rn: Electoral Reform (1 step on the road)


Jan Slakov

NOTE: There are 3 messages in this posting (one pertaining to Canada).

Date: Sun, 21 Jan 2001 17:30:32 -0800
From: Randy Schutt <•••@••.•••>
Subject: Voters' Bill of Rights

Dear friends,
As the last election made painfully clear, many people are not 
allowed to vote and the votes of many people are ignored. To address 
this, the second annual Progressive Dialogue conference held in 
Washington, DC in December of 2000 launched a Pro-Democracy Campaign 
and came up with a ten point platform dubbed a Voters' Bill of 
Rights: <http://ippn.org/BofR.htm>

The Campaign has now been endorsed by 83 progressive organizations:

The Voters' Bill of Rights calls for:
1. Strict Enforcement and Extension of the Voting Rights Act
2. Abolition of the Electoral College
3. Clean Money Elections
4. Instant Runoff Voting
5. Proportional Representation
6. Voting  Rights for Former Prisoners
7. Make Voting Easier and More Reliable
8. Easier Access to the Ballot, the Media and Debates for Candidates
9. Create Independent and Non-Partisan Election Administration Bodies
10. Statehood for District of Columbia
(Full details can be viewed at: http://ippn.org/BofR.htm)

Please spread the word and support this campaign. You can get more 
details here:

Randy Schutt
P.O. Box 60922, Palo Alto, CA 94306
Date: Sat, 03 Jun 2000 22:28:01 -0600
From: "David J. Parker" <•••@••.•••>
Subject: Motion 155 toward Prorportional Representation

June 3, 2000
                                                 David J. Parker.  PEng
                                                 Alberta Green Party
                                                 Box 133, Station M
                                                 Calgary,  T2P 2H6

Dear Prime Minister,
         I wish to place the support and enthusiastic endorsement of our 
Party behind motion M-155 submitted by Lorne Nystom MP (Regina-Qu'Appelle). 
Proportional Representation is an electoral objective whose time has come. 
The people of Canada desire and deserve a representative democracy similar 
to the vast majority of other democracies in the world.

         We strongly encourage the time table of the motion which includes:
a.      A report on Proportional Representation prepared by an all-party 
committee after extensive public hearings.
b.      A referendum to be held on this issue where the question shall be 
whether electors favour replacing the present system with a system proposed 
by the committee as concurred in by the house.
c.      The referendum may be held either before or at the same time as the 
next general election.
The existing FPTP system is fundamentally undemocratic, as even the UK 
Government has admitted. Efforts are afoot to change the British system 
which, as you know, was the model for our own.
1.      FPTP has the propensity to satisfy only a minority of the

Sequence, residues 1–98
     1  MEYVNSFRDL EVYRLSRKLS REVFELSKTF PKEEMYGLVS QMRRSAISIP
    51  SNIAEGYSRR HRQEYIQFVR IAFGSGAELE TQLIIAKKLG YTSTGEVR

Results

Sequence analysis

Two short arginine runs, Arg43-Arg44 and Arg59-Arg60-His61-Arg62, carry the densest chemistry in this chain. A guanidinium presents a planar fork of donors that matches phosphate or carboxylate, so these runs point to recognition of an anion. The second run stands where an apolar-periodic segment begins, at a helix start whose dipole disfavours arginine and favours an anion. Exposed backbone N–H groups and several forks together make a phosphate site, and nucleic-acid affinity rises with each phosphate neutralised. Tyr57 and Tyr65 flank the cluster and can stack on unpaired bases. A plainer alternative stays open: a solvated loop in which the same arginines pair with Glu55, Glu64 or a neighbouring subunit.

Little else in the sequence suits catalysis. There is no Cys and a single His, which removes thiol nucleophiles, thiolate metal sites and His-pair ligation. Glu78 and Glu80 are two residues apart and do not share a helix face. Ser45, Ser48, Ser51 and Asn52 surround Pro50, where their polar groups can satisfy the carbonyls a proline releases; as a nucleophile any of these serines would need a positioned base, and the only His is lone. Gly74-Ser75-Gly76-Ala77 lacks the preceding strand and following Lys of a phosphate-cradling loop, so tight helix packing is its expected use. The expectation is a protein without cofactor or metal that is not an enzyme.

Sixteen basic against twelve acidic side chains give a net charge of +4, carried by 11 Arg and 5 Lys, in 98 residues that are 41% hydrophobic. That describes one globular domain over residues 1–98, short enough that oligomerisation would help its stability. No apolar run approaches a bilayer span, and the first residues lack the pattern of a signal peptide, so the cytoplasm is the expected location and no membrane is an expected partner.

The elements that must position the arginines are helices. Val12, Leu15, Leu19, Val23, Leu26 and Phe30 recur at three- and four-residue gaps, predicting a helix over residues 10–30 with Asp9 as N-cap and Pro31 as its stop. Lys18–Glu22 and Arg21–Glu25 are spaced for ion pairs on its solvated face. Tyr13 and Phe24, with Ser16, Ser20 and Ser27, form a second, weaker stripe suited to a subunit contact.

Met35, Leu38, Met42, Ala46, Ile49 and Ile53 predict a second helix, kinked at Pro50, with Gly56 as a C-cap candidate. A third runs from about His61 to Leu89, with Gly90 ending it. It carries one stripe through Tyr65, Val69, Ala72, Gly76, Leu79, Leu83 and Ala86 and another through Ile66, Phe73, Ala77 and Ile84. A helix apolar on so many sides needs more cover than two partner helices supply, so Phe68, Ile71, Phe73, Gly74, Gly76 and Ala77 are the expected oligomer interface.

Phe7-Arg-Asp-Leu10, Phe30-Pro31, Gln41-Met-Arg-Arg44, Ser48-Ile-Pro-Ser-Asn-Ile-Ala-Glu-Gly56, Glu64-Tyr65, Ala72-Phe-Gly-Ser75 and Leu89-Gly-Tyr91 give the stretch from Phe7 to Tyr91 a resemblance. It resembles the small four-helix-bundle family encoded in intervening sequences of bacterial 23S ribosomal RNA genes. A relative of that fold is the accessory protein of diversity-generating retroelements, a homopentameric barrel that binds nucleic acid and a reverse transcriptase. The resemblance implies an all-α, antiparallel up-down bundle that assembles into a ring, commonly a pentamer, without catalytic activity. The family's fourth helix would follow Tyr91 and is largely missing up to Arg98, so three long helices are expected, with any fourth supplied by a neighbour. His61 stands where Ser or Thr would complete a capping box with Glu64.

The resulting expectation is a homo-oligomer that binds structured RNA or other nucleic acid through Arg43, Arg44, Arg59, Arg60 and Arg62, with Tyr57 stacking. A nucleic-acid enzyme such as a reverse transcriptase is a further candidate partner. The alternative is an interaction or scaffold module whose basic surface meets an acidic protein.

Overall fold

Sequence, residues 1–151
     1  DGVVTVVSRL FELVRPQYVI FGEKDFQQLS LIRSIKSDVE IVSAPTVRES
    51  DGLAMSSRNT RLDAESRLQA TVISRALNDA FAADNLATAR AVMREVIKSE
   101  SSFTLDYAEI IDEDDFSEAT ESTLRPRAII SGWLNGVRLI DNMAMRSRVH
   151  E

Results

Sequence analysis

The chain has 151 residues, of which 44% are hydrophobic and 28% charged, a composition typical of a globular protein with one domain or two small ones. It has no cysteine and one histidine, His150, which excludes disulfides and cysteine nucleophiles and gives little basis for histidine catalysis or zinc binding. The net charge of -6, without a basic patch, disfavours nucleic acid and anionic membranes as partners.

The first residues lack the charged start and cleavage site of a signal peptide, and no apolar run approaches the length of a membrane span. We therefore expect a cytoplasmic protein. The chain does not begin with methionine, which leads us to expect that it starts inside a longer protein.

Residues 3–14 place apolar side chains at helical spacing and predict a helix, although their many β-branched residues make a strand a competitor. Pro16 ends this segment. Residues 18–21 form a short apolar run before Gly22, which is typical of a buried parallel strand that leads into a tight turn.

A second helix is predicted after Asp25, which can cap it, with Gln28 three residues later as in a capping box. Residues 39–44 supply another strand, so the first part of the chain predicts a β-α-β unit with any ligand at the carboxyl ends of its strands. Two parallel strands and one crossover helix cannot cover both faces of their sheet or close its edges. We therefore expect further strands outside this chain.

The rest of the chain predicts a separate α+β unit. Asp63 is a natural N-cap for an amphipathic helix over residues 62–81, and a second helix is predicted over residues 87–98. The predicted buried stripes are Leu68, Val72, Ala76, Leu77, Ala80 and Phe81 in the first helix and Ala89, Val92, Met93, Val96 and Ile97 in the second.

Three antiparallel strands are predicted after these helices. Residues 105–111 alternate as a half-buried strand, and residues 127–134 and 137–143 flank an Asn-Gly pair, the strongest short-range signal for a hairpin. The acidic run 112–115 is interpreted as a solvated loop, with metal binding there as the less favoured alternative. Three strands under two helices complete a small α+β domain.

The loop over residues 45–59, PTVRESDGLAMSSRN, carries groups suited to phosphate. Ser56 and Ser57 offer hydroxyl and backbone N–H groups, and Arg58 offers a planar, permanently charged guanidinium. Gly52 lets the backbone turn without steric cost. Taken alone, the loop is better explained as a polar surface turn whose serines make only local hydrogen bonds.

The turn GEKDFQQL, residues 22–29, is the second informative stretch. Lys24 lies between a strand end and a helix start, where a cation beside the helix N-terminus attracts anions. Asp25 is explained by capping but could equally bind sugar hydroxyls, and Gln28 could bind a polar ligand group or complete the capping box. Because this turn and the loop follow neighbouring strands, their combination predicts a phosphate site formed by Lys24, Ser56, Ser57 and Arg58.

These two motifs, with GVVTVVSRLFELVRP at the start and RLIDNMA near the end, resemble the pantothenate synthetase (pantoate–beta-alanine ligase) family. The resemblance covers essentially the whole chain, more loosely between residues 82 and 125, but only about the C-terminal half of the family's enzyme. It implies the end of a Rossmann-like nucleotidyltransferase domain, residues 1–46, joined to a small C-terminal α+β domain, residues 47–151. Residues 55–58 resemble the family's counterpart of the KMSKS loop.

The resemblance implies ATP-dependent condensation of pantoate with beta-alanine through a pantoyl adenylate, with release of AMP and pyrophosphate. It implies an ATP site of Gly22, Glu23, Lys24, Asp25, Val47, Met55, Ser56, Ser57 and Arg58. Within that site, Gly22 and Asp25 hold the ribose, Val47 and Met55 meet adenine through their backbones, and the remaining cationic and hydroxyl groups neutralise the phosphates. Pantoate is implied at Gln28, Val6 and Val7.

electorate since elected governments are most frequently chosen by fewer 
that half the eligible voters.
2.      In some notable cases provincial governments hold power after 
receiving less votes that their opposition colleagues (B.C and Quebec).
3.      In the case of Alberta, the ruling PC party have an overwhelming 
majority of seats after being endorsed by a mere 51% of the electorate and 
proceed to enact legislation contrary to the wishes of that electorate, 
because they can (Bill 11).
4.      Voting habits are affected such as to cause the electorate to vote 
against a party rather than for the party they wish to be in power.
5.      Coalitions, which more closely reflect the wishes of the 
electorate, as well as to temper the excesses of the ruling party, seldom 
6.      Large minorities of the voting public receive no representation 
(Federal Tories and NDP).
7.      Regional parties achieve disproportionate shares of power (Block 
Quebecquois and Reform) with objectives contrary to the majority of Canadians.
8.      Coalitions are, by definition, inherently cooperative and would 
satisfy the electorate much more than the adversarial system currently extant.
9.      Many different models of PR exist and, as such, a choice of system 
would not be fraught with too much difficulty or insecurity.
10.     Parties such as ours, which reflect the views of a large and 
growing sector of society, receive few votes as a result of the "strategic 
voting" caused by FPTP. Green parties all over the world are affecting 
policy toward a more sustainable future for humanity. Not so in Canada.

No electoral system is perfect but this should not be an excuse against 
moving toward a better, fairer and more democratic one.  We anxiously await 
acceptance and implementation of motion M-155.

                                                 Yours Sincerely,

c.c.    Reform Party
         Progressive Conservative Party
         New Democratic Party
         Green Party of Canada
From: "Marty Jezer" <•••@••.•••>
To: "Marty Jezer" <•••@••.•••>
Subject: Friday's Commentary: McCain-Feingold, Good but not Good Enough
Date: Thu, 25 Jan 2001 23:16:54 -0500

>From the Brattleboro (VT) Reformer, 1/26/2001
As always, feel free to re-post this commentary on the internet. Commercial
websites should contact me). If you wish to stop receiving this commentary,
just let me know by reply e-mail.

Good, but not Good Enough
By Marty Jezer

John McCain has kept his promise to introduce legislation for campaign
finance reform. The bipartisan McCain-Feingold bill (Democratic Senator
Russell Feingold of Wisconsin is the co-sponsor) is matched in the House of
Representatives by a bill sponsored by Democrat Martin Meehan of
Massachusetts and Republican Christopher Shays of Connecticut. A past
version has passed in the House and had majority support in the Senate. It
was defeated there by a Senate filibuster organized by Republican leaders. 

This year the bill has a new co-sponsor. Republican Senator Thad Cochran of
Mississippi has broken with his fellow Mississippian, Senate leader Trent
Lott, to endorse the bill. Cochran claims to have always been a supporter of